It appears the British are much harder on their former leaders than Americans.

Amid an inquiry into the 2003 military invasion of Iraq, David Cameron, the sitting British Prime Minister, called for public pressure on former Prime Minister Tony Blair over his refusal to release letters sent to US President George W. Bush in the lead-up to war.

Blair was expected to testify before Downing Street's Chilcot Committee on Friday. Cameron, leader of the conservative faction in Britain's government, said he hoped the inquiry would be "as open and clear as possible."

The committee was recently told by Matthew Rycroft, Blair's former private secretary, that he'd written two different retellings of the communications between Blair and Bush, in order to obscure what really transpired.

Rycroft was a significant figure in the ramping up of anti-war sentiment across the US and UK, after the release of a document he authored which came to be better known as the "Downing Street Memo."

Penned on July 23, 2002 and marked "extremely sensitive," Rycroft's memo acknowledged that a deal had been made to invade Iraq and the particulars were already being worked out. At the time both nations were publicly declaring that no decision had been made, with some of the most ardent behind-the-scenes hawks even telling the press they hoped war could be averted.

While his remarks about Blair's correspondence with Bush may have been revealing, Rycroft also told the committee: "Even if the prime minister had wanted to push the [US] juggernaut in a completely different direction, I suspect he would not have been able to and he didn't want to turn it around anyway."

Another earlier report to the Chilcot Committee by an anonymous official claimed that Blair was offered an out from the war mere days before the invasion, during a meeting with former Foreign Secretary Jack Straw.

"The point the foreign secretary was making, in my view, was that this was the final opportunity to decide on a different track – advising the prime minister that he still had a chance to avoid it if he wanted to," the official wrote, according to The Guardian. "The argument he was making was more in terms of 'If you want to avoid your own resignation, prime minister, you still have an opportunity and here it is. You have a way out and why don't you take it?'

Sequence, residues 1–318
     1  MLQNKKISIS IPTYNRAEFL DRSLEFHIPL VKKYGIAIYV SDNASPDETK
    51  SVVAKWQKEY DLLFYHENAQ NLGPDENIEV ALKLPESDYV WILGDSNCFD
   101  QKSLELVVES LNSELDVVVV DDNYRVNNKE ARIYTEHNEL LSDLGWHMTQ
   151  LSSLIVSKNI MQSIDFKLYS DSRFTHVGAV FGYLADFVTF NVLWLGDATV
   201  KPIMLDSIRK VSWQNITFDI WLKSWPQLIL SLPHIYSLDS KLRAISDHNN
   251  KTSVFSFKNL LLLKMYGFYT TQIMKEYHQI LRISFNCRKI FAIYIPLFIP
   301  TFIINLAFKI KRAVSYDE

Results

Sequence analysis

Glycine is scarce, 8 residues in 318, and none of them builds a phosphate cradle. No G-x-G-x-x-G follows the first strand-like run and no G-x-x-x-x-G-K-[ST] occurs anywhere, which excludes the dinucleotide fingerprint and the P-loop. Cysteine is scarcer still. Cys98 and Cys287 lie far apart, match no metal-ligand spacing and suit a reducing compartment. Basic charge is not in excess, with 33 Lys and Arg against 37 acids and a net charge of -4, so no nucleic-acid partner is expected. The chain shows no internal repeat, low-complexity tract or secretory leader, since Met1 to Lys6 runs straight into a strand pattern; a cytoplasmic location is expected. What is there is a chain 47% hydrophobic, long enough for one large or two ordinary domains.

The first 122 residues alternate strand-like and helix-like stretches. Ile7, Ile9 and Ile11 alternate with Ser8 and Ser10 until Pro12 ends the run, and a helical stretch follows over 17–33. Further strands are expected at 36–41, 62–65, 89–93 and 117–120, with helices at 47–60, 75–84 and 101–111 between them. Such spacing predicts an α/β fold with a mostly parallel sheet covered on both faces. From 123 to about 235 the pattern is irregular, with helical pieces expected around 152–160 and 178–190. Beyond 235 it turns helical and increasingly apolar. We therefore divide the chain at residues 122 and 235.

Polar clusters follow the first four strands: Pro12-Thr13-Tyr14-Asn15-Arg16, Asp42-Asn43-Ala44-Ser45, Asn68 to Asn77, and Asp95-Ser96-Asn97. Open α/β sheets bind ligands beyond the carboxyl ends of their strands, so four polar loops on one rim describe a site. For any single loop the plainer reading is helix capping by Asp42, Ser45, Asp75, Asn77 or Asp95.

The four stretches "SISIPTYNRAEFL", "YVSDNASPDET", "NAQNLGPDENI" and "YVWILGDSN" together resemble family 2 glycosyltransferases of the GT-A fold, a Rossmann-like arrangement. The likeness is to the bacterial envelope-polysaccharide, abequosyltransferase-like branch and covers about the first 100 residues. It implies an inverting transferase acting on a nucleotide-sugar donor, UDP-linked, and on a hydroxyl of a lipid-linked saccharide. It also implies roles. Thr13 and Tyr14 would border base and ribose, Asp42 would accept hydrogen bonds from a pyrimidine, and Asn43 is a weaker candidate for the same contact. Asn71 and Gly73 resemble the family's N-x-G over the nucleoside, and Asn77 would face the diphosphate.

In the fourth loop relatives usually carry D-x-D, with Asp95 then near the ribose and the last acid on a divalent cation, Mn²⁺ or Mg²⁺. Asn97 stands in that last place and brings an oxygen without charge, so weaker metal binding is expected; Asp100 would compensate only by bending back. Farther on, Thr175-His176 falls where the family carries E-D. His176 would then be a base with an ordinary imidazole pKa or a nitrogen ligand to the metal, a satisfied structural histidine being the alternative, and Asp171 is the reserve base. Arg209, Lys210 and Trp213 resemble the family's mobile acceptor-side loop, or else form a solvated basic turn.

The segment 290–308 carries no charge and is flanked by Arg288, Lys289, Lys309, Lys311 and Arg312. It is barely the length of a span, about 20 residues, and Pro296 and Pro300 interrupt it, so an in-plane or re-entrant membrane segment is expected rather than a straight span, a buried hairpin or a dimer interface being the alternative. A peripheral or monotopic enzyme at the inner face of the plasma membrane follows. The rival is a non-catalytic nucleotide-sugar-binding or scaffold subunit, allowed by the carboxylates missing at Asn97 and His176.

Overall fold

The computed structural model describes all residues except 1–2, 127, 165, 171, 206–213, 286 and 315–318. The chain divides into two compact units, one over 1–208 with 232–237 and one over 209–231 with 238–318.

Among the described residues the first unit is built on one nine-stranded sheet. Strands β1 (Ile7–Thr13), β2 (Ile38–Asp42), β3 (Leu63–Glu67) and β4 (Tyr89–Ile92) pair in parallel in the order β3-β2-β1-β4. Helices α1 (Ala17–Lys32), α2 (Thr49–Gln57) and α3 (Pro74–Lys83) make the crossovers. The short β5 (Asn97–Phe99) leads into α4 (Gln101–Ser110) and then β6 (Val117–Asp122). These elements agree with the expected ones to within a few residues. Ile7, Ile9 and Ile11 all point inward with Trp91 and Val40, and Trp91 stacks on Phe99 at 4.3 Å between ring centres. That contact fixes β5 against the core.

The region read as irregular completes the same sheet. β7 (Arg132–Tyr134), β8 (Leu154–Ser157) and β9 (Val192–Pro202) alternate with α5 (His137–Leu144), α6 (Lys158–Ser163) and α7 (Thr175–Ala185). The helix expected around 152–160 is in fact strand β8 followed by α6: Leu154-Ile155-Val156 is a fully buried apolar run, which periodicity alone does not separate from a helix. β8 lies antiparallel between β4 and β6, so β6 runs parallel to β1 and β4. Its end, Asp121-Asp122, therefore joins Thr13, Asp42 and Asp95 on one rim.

"It was offering the prime minister a way out if he wanted it ...The thing that I was absolutely struck by privately was the prime minister's response, the speed of it and the absolute insistence of it, and the fact that he had got his arguments all marshalled and all laid out."

Other advisers to the former British prime minister said they regretted not warning Blair enough of the risks involved, calling their decision something of a rush to judgment.

In the US, efforts to investigate the Bush administration, over the wars, for its torture programs, secret prisons, invasions of privacy and a litany of other abuses, were seen as dead in the water. President Obama, at the beginning of his term, declared that his administration would be looking "forward" instead of backwards with regards to the prior administration's most controversial actions.

The occupation of Iraq, which President Obama has continued, was said by US officials to be in its final stages. However, no plan existed to remove the massive US embassy in Baghdad's "green zone," where US troops would continue to be stationed indefinitely.

Since the war began in 2003, there have been up to 108,000 documented instances of violent civilian deaths, according to the non-partisan Iraqi Body Count project.